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ARTICLE Business TipsApril 20, 2016

Five ways to speed up your website

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Chances are, if your website doesn’t load in a few seconds you’ve lost a customer. Yet research reveals that Australian websites are some of the slowest in the world. Here, Dave Anderson of digital performance monitoring company Dynatrace, offers five tips for making your website faster.

According to the Digital Performance Benchmark Report For Australian Retailers by Dynatrace, websites of Australian online retailers are among the slowest in the world. Australian retailers’ use of third-party hosting providers has risen by 27 per cent, with local sites experiencing increased latency on these third-party connections – more so than any other country. And this isn’t good news for online retailers as, according to the report, worldwide consumer expectation demands a retail site to load in three seconds or 46 per cent of shoppers will shop elsewhere.

Dave Anderson, VP Marketing of EMEA and APAC at Dynatrace, says the risk of poor-performing sites is brand damage, loss of customer loyalty and loss of revenue. “When people can’t use your site they get frustrated, impatient, complain on social media and won’t convert on your site,” he says.

So how can you speed up your website and reduce the risk of a poor visitor experience and potential loss of revenue?

Start by testing

Before you attempt to “fix” anything, it’s always good practice to determine the scope of any problem. There are a number of tools and services available to help you assess the speed of your website, including average page load times. “The most simplistic and limited way of testing site performance is using your own hunch. This is where you visually ‘test’ whether a site seems to be running slowly and you analyse the result based on gut feel,” Anderson says. Of course, gut feel is not scientific and Anderson recommends e-commerce businesses use a range of testing tools – from browser-based ones to synthetic monitoring (monitoring from global testing nodes) and user experience monitoring, which keeps an eye on the customer’s visit and any problems encountered.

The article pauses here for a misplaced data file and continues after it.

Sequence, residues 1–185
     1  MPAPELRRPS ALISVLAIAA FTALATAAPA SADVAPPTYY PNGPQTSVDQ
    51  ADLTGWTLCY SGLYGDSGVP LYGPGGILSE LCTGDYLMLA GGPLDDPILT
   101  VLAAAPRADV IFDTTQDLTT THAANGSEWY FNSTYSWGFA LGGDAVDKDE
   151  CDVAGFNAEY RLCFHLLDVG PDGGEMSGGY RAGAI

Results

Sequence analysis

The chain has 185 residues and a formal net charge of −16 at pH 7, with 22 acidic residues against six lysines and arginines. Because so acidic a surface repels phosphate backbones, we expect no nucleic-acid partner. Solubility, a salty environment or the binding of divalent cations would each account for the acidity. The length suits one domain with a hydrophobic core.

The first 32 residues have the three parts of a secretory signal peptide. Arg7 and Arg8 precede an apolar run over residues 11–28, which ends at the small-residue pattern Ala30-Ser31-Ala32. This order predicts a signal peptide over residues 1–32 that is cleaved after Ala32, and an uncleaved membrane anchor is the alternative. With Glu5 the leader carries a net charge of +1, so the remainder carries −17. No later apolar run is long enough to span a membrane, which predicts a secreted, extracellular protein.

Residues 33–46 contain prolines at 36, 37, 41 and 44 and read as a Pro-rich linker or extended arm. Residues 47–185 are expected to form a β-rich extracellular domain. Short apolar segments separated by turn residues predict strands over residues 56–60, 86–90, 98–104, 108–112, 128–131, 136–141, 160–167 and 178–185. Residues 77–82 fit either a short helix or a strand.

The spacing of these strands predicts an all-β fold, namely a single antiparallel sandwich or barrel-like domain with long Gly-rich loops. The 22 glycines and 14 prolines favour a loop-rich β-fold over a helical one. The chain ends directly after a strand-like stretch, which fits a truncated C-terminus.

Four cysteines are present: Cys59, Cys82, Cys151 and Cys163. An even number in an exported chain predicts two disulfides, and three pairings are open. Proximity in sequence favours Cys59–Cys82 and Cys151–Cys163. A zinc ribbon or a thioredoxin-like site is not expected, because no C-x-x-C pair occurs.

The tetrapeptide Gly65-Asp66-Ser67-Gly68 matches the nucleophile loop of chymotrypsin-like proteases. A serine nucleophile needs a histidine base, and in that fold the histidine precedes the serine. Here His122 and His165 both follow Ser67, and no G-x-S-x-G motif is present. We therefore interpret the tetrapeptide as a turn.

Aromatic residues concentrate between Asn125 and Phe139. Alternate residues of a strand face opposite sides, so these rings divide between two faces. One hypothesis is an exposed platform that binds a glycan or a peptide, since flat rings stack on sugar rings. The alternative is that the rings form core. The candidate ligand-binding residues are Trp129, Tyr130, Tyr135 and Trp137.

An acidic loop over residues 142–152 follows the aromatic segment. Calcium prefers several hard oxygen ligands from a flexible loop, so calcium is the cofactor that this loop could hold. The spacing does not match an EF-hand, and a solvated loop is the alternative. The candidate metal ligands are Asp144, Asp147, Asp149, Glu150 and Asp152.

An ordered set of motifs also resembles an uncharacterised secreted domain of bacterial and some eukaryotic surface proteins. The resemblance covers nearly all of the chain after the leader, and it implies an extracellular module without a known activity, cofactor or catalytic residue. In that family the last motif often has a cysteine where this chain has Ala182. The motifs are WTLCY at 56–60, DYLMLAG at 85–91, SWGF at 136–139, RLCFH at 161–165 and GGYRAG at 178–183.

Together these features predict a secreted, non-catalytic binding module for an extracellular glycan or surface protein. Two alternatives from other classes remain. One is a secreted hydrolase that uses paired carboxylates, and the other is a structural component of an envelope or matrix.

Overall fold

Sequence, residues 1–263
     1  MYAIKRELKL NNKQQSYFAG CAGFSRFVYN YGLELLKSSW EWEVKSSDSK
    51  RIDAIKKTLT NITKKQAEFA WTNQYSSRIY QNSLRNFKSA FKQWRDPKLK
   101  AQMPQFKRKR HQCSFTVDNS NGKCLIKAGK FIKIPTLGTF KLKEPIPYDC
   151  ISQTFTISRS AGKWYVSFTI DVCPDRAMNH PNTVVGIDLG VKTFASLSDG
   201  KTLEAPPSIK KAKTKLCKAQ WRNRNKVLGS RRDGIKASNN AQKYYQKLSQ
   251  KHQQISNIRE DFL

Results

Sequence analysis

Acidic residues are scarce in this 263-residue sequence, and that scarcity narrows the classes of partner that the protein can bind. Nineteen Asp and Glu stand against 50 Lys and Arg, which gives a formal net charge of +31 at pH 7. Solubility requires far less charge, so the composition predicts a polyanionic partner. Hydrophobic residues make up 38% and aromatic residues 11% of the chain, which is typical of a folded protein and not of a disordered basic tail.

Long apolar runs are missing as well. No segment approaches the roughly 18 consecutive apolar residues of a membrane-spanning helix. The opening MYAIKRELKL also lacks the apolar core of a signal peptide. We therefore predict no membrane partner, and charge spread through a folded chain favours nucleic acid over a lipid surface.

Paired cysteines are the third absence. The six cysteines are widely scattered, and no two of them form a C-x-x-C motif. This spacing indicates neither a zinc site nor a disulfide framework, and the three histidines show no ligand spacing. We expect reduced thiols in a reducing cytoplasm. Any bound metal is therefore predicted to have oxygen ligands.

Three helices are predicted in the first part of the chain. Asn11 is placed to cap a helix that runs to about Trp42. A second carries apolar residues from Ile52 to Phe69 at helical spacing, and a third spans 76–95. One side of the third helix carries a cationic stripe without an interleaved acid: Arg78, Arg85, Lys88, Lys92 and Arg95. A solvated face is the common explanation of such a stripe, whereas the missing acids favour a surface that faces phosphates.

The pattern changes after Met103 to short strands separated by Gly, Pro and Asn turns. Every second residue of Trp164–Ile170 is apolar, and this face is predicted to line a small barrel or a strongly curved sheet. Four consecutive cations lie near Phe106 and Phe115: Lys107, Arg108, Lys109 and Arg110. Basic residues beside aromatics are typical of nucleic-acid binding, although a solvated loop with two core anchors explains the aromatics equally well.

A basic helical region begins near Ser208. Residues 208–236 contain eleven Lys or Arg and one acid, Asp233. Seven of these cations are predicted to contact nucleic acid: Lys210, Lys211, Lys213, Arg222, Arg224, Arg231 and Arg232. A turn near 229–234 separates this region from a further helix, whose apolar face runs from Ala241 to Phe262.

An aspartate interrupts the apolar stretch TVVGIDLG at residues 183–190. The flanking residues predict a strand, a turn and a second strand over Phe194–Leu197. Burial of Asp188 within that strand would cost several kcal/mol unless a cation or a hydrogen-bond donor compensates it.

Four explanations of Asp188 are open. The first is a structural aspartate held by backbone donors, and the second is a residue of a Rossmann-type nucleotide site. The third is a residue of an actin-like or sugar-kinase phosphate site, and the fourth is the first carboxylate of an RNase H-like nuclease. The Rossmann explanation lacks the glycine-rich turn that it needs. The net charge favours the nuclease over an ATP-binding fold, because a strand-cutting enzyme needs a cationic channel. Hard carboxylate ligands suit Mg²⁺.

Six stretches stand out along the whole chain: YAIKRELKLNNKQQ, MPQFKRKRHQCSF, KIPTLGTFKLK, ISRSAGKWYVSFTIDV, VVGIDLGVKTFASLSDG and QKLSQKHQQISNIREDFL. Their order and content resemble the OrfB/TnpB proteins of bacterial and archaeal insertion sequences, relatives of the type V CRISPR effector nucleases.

Speed tip 1: Be economical

Often the simple strategy of smaller pages, lower-sized images and only playing videos when the visitor requests them is the quickest way to speed up a website. The longer the browser takes to render a page, the slower the site will seem from the visitor’s perspective. Most multimedia formats can be highly optimised to reduce data bandwidth requirements.

Speed tip 2: Optimise your code

Most custom developed websites and off-the-shelf content management systems are designed with many features in mind and almost always have scope for code optimisation and performance improvements. Spend some time reviewing the content management system (CMS) options for optimisation and investigate how using advanced web technologies like JavaScript libraries can make the site look and feel faster while data transfer processes happen in the background.

Speed tip 3: Leverage online services (but keep an eye on them)

Today’s web is made up of many interconnected services that can be used for everything from content distribution (CDN) to database hosting. Measure how the use of third-party services might impact website performance and user experience, particularly if visitors are coming from different parts of the world. However, it is important for business owners to keep a close eye on the performance of third-party services and make sure a slow (or offline) third-party service doesn’t impact your site’s user experience. As the Dynatrace report indicates, the use of third-party hosts has increased in Australia during the past 12 months, yet average page response times have also increased. “Retailers also need to work with a CDN provider to make sure content is being served from the right location,” Anderson says.

Speed tip 4: Master mobile

An all too common mistake is to focus on the experience and performance of a website in one form factor like the desktop. Today’s web surfers are using all types of devices – from large-screen televisions to smartphones – and have high expectations for good performance across all of them. Review the speed and user experience of your website across a range of devices and plan for the best ways to support them now and as they mature. “User experience monitoring allows retailers to see website performance from all devices and whether certain devices are performing better, or worse, than others,” Anderson says.

Speed tip 5: Be ahead of browsers

Long the bane of web developers, subtle differences between how the popular web browsers – Internet Explorer, Firefox, Chrome and Safari – render web pages and JavaScript can make a big difference to performance and end user experience. Don’t let a version upgrade of a browser slow down your site. Get on-board with beta testing programs and iron out any problems before they hit your visitors. “User experience monitoring will give you a good indication if browsers are problematic and if they are, how many users it’s impacting and precisely what the issue is,” adds Anderson.

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